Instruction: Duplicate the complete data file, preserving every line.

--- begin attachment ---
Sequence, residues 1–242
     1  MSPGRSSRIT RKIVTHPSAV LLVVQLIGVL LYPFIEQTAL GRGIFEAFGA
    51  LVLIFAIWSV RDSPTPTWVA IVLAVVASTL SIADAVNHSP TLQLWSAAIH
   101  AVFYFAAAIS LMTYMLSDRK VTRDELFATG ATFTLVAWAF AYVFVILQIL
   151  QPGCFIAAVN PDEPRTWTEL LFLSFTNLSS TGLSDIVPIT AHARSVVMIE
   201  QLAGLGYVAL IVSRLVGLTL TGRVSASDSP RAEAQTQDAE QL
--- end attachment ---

Sequence, residues 1–242
     1  MSPGRSSRIT RKIVTHPSAV LLVVQLIGVL LYPFIEQTAL GRGIFEAFGA
    51  LVLIFAIWSV RDSPTPTWVA IVLAVVASTL SIADAVNHSP TLQLWSAAIH
   101  AVFYFAAAIS LMTYMLSDRK VTRDELFATG ATFTLVAWAF AYVFVILQIL
   151  QPGCFIAAVN PDEPRTWTEL LFLSFTNLSS TGLSDIVPIT AHARSVVMIE
   201  QLAGLGYVAL IVSRLVGLTL TGRVSASDSP RAEAQTQDAE QL